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Iowa group release initiative for stronger immigration policy

Iowa group release initiative for stronger immigration policy

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DES MOINES — A group of Iowa civic, religious and law enforcement leaders announced their support of stronger federal immigration policy with the release of a document Tuesday called the Iowa Compact.

In a conference call announcing the initiative, Des Moines immigration attorney Lori Chesser also criticized the “rhetoric” of the Republican candidates seeking the nomination for president as damaging to the overall objective of finding a solution.

The group — which includes the mayor and police chief of Perry and Bishop Michael Burk of the Southeast Iowa Synod of the Evangelical Lutheran Church in America — also encourages others to read, and sign onto, the compact. 

The compact is divided into five topic areas: federal solutions, smart enforcement, keep families together, meet economic needs and a culturally rich, welcoming state.

“At this point, we are saying we are in support of a federal policy that adheres to these principles,” Chesser said. She also serves as a chairwoman of the Iowa Immigration Education Coalition, a group that conducts research and provides briefs on immigration issues. “A lot of the detailed discussion still has to take place … we want to corral that debate.”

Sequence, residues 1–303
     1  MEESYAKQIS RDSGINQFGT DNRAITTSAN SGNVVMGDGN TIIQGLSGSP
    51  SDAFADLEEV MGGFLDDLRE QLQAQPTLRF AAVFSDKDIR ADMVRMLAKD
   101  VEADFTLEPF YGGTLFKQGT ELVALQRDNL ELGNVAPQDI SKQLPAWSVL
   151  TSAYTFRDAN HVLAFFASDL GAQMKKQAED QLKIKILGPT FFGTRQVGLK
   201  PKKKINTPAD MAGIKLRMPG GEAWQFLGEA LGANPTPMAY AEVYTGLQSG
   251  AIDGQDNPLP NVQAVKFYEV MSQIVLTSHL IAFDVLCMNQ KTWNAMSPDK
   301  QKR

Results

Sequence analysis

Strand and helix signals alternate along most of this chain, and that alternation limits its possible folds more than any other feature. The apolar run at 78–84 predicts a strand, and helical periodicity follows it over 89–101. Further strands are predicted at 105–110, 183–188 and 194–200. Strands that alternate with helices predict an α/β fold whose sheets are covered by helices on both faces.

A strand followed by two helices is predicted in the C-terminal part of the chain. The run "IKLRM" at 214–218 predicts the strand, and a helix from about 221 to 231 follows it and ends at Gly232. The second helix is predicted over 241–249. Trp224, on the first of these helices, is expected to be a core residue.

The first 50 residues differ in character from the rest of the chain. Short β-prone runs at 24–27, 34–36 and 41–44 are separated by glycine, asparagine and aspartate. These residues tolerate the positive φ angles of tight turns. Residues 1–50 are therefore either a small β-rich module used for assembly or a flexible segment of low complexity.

Republican presidential candidate Newt Gingrich came under fire earlier this month when he said  immigrants who have been in the United States for a long time should be eligible for some type of legal status, short of citizenship.

Critics said the policy was “appeasement.”

Texas Gov. Rick Perry also has taken some hits from conservatives for supporting the Texas Dream Act, which provides in-state tuition benefits for illegal immigrants at state universities as long as certain other requirements are met.

Martha Willits, president and CEO of the Greater Des Moines Partnership economic development group and one of the compact signers, said immigration policy needs to be set with a global perspective in mind, not one where a person’s status changes by crossing a state line.

“State-level fixes don’t address these concerns,” Willits said.

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